Fill the well 

I’ve long believed that in order to inspire others we need to feel inspired ourselves. Psychologists refer to this as ‘mood contagion’. So, if an organisation wants to inspire creativity, it needs to keep ‘Filling the Well’ (as the author Sheila Davis describes it) by encouraging people to branch out and watch new films, read interesting books, travel to different places etc… After all, bang in the middle of the word ‘Innovation’ we find the word ‘Nova’ – which meant ‘new’ in Roman times – so a constant inpouring of fresh stimulus is likely to inspire a culture that goes beyond ‘what is’ to explore ‘what could be’.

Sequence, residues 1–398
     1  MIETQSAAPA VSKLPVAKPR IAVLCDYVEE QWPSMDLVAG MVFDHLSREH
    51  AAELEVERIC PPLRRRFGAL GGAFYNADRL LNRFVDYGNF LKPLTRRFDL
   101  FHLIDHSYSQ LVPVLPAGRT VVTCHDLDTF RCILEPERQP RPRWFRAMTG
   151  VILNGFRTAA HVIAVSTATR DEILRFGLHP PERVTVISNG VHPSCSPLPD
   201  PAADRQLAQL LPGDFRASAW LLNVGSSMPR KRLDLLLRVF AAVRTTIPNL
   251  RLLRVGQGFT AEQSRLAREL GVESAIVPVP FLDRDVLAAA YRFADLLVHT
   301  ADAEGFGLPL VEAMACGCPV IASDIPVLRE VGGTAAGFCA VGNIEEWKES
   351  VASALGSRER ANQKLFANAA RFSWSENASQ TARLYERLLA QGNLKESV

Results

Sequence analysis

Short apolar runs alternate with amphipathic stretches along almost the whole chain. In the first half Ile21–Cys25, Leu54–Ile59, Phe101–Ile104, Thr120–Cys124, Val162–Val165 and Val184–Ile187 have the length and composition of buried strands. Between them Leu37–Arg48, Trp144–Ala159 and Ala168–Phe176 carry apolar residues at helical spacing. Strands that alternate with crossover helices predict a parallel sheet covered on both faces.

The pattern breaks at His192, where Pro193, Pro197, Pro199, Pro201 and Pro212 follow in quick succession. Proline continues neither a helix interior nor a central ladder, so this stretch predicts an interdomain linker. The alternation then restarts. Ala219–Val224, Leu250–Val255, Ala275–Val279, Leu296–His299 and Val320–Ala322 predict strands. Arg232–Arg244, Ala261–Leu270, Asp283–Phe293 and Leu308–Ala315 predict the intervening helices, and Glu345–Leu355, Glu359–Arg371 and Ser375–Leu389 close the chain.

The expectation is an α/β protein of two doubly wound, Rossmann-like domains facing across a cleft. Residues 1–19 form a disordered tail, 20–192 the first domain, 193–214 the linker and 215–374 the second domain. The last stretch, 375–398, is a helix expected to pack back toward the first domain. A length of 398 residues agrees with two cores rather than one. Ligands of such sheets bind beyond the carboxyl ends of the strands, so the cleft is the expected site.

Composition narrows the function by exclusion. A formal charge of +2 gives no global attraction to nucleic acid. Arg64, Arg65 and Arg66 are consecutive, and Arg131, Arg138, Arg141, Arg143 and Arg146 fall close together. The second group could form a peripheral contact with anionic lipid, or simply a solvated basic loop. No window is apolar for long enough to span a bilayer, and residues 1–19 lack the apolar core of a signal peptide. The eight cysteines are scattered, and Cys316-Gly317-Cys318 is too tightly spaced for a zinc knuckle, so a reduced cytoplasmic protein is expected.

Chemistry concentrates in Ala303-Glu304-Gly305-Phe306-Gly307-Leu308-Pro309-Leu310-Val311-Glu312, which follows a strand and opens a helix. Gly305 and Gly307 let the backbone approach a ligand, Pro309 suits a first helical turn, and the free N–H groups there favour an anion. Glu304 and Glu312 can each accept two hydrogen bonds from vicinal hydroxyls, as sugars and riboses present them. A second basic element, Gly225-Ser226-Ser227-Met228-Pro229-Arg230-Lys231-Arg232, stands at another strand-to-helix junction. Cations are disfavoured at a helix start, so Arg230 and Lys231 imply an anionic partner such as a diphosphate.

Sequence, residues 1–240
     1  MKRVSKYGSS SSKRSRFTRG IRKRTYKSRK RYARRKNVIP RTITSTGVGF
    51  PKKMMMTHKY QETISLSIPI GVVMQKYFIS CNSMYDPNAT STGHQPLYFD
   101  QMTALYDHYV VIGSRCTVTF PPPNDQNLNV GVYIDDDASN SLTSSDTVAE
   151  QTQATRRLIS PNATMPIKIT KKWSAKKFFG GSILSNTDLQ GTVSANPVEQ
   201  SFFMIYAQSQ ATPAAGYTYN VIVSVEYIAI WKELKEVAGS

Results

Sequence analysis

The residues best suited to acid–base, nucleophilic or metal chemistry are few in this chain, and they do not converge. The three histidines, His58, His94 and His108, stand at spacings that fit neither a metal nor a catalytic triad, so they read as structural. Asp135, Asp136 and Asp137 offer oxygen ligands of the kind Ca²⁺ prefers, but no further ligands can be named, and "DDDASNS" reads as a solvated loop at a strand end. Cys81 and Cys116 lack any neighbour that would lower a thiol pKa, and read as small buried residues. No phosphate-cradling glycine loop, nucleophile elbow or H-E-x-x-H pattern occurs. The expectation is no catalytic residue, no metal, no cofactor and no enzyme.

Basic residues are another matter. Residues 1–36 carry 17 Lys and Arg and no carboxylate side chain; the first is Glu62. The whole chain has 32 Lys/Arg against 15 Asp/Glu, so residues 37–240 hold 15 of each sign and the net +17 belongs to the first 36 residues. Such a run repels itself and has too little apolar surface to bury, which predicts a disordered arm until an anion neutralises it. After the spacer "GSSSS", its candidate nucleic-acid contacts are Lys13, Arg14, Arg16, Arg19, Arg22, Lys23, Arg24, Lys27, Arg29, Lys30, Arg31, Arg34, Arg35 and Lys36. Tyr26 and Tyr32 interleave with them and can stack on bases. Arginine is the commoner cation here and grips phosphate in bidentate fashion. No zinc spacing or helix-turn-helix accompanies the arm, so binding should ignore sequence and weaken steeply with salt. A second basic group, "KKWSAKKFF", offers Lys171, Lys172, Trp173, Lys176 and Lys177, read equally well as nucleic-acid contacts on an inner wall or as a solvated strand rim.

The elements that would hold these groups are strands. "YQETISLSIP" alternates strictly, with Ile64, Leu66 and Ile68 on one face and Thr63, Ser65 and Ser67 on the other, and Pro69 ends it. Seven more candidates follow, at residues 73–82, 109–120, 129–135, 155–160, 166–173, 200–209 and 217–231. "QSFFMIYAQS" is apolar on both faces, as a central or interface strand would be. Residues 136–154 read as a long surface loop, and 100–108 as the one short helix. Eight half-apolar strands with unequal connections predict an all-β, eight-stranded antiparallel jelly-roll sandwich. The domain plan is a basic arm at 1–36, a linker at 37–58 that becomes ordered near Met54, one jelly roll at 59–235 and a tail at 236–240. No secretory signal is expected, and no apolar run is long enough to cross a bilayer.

You’ve composed hit pop songs, written best-selling books and work as an innovation consultant. What’s next?

I’m currently working on a wide range of projects – linked to ‘Lateral Thinking’ in business and academia. However, longer-term, I’d love to take my Business Genius and ‘Lateral Thinking’ work to whole new level, and develop Lateral Thinking TV, movies, and animations etc…

How do latest technology developments influence the way you consult with organisations and drive innovation?

To be honest, although technology developments have influenced the way I consult with organisations and drive innovation – eg. by making it far easier for me to communicate with clients around the world without always having to ‘be there’ in person – technology itself does not influence me as much as it helps other innovation consultants I know.  I tend to focus more on ‘innovativeness’ than ‘innovation.’ In other words, I focus more on the people-side of innovation – the psychology side.